To develop the ability to carry out an extensive independent investigation of a mathematical topic of choice, and to present a clear account of the findings.
To learn how to write mathematics in a clear and concise way, using established conventions.
To write a mathematical dissertation, using the scientific typesetting program LaTeX.
To prepare a formal mathematical talk, and present it to an audience of peers and academics.
Module learning outcomes
Be able to acquire mathematical expertise in a largely autonomous fashion, making use of available mathematical literature as a stimulus to independent thought.
Be able to synthesise mathematical information from a number of different sources.
Be able to critically evaluate mathematics encountered in the existing literature.
Be able to create a synopsis of mathematics learned over an extended period (6 months).
Be able to communicate mathematics clearly and concisely, as a written narrative and in the form of a poster.
Be able to fluently use LaTeX.
Be able to prepare a mathematical talk using PowerPoint or Beamer.
Be able to deliver a talk to an audience of peers and academics.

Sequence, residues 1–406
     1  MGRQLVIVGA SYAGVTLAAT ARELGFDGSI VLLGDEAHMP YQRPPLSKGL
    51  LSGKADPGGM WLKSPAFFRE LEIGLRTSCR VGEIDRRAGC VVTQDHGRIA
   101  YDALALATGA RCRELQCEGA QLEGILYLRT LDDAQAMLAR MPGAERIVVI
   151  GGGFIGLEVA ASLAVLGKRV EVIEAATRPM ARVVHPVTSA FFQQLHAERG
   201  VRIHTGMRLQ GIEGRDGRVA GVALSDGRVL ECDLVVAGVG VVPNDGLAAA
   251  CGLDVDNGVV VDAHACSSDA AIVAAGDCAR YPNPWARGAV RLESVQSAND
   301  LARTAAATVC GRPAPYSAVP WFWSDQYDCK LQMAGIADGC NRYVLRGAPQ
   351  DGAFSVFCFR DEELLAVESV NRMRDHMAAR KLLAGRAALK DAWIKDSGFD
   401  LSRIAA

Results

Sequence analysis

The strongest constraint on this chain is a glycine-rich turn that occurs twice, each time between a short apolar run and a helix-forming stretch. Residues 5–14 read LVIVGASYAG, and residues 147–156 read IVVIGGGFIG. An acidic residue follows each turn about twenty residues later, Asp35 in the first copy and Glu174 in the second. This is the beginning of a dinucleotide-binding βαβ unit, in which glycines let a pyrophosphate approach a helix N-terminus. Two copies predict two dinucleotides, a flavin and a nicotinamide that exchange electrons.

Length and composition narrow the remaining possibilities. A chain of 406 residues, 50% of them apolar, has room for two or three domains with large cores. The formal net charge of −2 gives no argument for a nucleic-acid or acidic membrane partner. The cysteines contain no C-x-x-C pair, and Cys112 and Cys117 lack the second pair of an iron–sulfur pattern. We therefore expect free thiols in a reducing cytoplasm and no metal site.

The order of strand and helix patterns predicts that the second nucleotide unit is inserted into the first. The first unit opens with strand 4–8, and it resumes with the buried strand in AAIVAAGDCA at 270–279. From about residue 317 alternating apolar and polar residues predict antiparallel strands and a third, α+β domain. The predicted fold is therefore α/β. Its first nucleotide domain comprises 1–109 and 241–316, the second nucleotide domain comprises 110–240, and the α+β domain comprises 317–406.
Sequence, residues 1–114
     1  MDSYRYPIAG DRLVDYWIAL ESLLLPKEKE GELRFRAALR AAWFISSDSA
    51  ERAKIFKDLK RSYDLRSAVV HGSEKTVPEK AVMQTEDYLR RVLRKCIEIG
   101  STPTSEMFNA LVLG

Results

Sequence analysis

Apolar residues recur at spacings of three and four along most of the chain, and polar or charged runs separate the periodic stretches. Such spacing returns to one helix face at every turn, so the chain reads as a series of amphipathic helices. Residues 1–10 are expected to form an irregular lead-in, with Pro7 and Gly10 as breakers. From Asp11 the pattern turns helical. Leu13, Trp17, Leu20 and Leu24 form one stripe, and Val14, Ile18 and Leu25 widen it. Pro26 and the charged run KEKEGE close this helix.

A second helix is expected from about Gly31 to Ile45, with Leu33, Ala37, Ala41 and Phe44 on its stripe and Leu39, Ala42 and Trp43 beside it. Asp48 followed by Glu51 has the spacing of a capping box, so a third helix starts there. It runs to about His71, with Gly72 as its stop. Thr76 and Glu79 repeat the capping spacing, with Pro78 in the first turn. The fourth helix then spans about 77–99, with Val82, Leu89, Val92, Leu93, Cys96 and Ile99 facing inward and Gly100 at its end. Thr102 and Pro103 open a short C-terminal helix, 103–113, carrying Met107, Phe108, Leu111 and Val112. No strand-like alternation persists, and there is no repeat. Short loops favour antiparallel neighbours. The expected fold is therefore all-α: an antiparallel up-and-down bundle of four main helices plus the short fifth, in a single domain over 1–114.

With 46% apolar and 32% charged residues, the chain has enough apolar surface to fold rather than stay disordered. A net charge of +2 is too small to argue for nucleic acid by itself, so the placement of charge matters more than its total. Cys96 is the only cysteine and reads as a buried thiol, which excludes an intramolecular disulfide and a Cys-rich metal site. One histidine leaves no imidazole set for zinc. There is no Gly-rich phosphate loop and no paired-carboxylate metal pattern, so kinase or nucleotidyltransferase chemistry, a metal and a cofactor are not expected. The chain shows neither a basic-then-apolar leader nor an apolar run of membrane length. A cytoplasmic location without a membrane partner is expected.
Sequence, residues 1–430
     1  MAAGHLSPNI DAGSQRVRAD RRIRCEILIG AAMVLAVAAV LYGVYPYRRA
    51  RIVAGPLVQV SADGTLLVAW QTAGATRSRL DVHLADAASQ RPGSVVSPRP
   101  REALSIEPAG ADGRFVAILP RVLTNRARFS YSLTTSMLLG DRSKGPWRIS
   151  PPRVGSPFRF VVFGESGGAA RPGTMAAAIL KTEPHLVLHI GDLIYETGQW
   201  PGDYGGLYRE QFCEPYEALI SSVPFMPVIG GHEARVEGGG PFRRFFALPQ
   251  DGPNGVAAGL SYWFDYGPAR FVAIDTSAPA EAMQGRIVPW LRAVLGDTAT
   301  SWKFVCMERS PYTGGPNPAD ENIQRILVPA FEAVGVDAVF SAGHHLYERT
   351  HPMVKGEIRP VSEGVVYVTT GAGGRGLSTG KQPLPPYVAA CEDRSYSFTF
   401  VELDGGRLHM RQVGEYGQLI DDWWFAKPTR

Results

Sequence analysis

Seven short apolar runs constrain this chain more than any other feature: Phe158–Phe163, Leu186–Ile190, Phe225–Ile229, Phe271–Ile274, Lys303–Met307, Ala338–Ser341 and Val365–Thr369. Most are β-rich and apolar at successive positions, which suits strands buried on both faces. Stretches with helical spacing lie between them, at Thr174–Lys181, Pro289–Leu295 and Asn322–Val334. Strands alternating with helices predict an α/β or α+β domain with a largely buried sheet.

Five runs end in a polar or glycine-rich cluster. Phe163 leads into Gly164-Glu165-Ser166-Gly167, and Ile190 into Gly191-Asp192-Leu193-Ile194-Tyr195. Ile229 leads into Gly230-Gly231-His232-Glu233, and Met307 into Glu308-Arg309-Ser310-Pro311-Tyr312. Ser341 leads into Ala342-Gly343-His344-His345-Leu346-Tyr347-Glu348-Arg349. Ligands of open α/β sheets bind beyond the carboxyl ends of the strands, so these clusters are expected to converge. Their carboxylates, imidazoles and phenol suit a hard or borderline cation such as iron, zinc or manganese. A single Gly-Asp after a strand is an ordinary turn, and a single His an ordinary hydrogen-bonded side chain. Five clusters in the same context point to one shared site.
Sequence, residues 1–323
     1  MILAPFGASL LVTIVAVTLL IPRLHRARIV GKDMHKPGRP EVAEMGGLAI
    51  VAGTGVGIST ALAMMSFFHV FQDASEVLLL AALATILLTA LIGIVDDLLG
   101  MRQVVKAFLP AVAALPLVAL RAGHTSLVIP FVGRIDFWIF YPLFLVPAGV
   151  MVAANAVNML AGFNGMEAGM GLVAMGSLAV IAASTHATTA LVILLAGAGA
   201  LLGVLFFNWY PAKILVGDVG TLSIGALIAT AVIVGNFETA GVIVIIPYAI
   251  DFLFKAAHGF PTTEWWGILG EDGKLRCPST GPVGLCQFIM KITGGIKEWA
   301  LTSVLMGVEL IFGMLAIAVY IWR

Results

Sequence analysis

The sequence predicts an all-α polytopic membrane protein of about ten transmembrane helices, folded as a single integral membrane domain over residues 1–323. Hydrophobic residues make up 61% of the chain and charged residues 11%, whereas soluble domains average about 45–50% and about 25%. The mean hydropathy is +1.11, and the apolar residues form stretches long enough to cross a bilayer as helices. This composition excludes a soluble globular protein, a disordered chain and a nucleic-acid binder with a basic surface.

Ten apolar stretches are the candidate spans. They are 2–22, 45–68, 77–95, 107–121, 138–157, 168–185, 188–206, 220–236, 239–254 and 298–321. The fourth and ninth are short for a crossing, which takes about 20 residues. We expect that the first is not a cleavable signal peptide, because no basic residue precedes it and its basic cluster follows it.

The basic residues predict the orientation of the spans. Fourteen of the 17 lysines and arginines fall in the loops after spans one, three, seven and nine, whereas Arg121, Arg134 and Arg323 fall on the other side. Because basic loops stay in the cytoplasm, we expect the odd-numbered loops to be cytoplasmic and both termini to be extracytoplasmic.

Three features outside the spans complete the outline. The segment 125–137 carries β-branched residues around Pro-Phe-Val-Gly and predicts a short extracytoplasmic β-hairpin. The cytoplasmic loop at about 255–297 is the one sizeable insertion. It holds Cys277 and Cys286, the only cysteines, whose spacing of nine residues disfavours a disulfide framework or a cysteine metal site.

Students can choose the mathematical topic that they want to investigate, either from an extensive list of titles offered by the Department, or by coming up with a topic of their own. Project choices are made at the beginning of Autumn term and supervisors allocated shortly afterwards.
In the AuT there are lectures and computer practical classes that teach mathematical research and presentation skills, including mathematical writing and the use of LaTeX. Two formative assignments in AuT are available to help students further develop LaTeX skills learned earlier in the degree. A written assignment and a presentation (each worth 5%) in AuT assess progress made on introductory aspects of the project.
Most of the independent investigatory work takes place in AuT and SpT, the organisation of which is largely the responsibility of the individual student. An initial meeting with the project supervisor at the beginning of AuT is supplemented by weekly or fortnightly meetings during SpT, to ensure that steady progress is made.
A first draft of the project dissertation is presented to the project supervisor at the beginning of SuT, and the supervisor will present constructive feedback shortly afterwards. The deadline for submission of the final version is Monday of Week 4. Students are then invited to present a talk summarising their dissertation, in Week 8.